I recently got my hands on a new laptop with an i3-2310M which supports the VT-x extension. I want to guest install Windows 7.

  • How do I use VT-x on KVM?
  • How will the guest OS benefit/what more can the guest OS access with KVM using VT-x? Does it need additional driver installation in guest OS?
  • This is my first time properly owning and using a 64-bit machine--do I install 32-bit or 64-bit guest OS?
  • Finally, does any other virtualization software does a better job of using VT-x right now?

1 Answer 1

  1. VT-x (or "VirTualization eXtensions" for Intel, same as AMD-V for AMD) will be used by default by KVM if available.
  2. The guest OS benefits by running faster -- put simply, VT-x eliminates the overhead (or translation) that was previously involved in letting the guest OS access memory and use the CPU. See this Intel Technical Journal page for technical details.

    • Although no additional drivers are required to use VT-x per se, it's a good idea to install the "tools" or drivers which allow the guest to access disk/network as much faster "paravirtualized" devices rather than emulated ones. If your processor also supports VT-d, your guest OS may benefit from that too.
    • For KVM, this can be enabled with the virtio devices, for example:
    qemu-system-x86_64 -boot c -drive file=/images/xpbase.qcow2,if=virtio -m 384 -netdev type=tap,script=/etc/kvm/qemu-ifup,id=net0 -device virtio-net-pci,netdev=net0

    see this KVM wiki page for more info.

  3. 64-bit, as long as you have more than 1GB or so of RAM; especially if you're planning to do virtualization.
  4. VT-x/AMD-V are quite mature technologies at this point and I doubt that KVM lags behind any competing hypervisor (VMware, Virtualbox, etc.).
  • Thank you for your clear and concise answer. For the second point, I wasn't even sure if such driver existed for KVM in the first place--can you point me to where I can get them? Do you mean assigning more than 1 GB of RAM? The system in question enjoys 4 GB of RAM, I was thinking of assigning a maximum 1.5 GB to the guest, since it's Windows 7. And lastly, I heard that KVM does not do much to provide GPU power. VirtualBox is out of question with their supposedly messy drivers. As far as I'm aware, only VMware provides anything like Aero desktop or something.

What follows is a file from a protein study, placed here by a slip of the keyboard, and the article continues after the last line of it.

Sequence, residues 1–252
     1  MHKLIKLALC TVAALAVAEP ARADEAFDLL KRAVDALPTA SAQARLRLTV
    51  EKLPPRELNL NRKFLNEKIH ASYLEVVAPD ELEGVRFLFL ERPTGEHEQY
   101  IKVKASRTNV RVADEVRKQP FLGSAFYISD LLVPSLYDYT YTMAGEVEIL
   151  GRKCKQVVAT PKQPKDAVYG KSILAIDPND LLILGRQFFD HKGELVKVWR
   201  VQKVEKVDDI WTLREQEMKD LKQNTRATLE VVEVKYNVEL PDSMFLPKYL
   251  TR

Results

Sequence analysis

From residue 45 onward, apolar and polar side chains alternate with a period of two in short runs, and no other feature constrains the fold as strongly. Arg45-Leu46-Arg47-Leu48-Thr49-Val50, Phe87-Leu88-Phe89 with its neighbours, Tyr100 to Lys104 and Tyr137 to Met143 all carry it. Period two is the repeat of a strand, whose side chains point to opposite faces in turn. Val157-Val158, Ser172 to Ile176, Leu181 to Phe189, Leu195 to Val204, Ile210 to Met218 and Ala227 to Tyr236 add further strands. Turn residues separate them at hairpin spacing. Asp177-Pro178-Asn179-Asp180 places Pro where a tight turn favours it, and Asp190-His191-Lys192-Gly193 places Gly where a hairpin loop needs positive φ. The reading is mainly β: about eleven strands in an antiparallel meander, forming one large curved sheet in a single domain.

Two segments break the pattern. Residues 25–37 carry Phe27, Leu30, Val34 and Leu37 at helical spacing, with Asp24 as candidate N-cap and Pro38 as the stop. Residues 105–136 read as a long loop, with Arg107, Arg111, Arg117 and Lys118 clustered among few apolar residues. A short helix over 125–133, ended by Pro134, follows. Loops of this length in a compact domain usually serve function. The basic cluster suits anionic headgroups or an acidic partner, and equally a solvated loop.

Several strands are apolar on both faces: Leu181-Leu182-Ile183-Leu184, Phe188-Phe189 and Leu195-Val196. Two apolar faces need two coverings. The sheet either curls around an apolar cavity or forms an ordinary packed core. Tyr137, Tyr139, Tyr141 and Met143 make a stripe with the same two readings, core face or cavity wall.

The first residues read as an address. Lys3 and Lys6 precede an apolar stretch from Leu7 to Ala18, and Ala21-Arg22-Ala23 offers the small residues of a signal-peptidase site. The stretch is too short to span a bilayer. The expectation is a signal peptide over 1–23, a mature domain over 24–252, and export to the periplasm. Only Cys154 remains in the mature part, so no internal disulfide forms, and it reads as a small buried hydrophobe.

– Oxwivi
    Jul 18, 2012 at 18:44
  • @Oxwivi: sorry I missed this one. I edited the answer showing how to use paravirtualization in KVM. What I meant was that if you are assigning more than 1 GB or RAM, go 64-bit. Please let me know if you have any other questions -- if not, please consider accepting the answer. Thanks!
    – ish
    Aug 18, 2012 at 10:46
  • I do not seem to have VT-d support. And I've realized I don't understand the difference between the two. googling through I gather VT-d allows hardware paravirtualization and VT-x simply allows guest processes working at their intended privilege levels. Can I enable things like 3D for guest in that case?
    – Oxwivi
    Aug 20, 2012 at 5:16
  • @Oxwivi: VT-d allows the virtual machine to directly access hardware resources, bypassing the host. e.g. if you had two graphics cards, you could give your VM direct access to one of them for doing computing (CUDA), etc. VT-d is NOT necessary for anything else; 3D support in KVM, etc. will work just fine.
    – ish
    Aug 20, 2012 at 5:18
  • As far as I'm aware there's no driver for 3D support in KVM?
    – Oxwivi
    Aug 21, 2012 at 10:31

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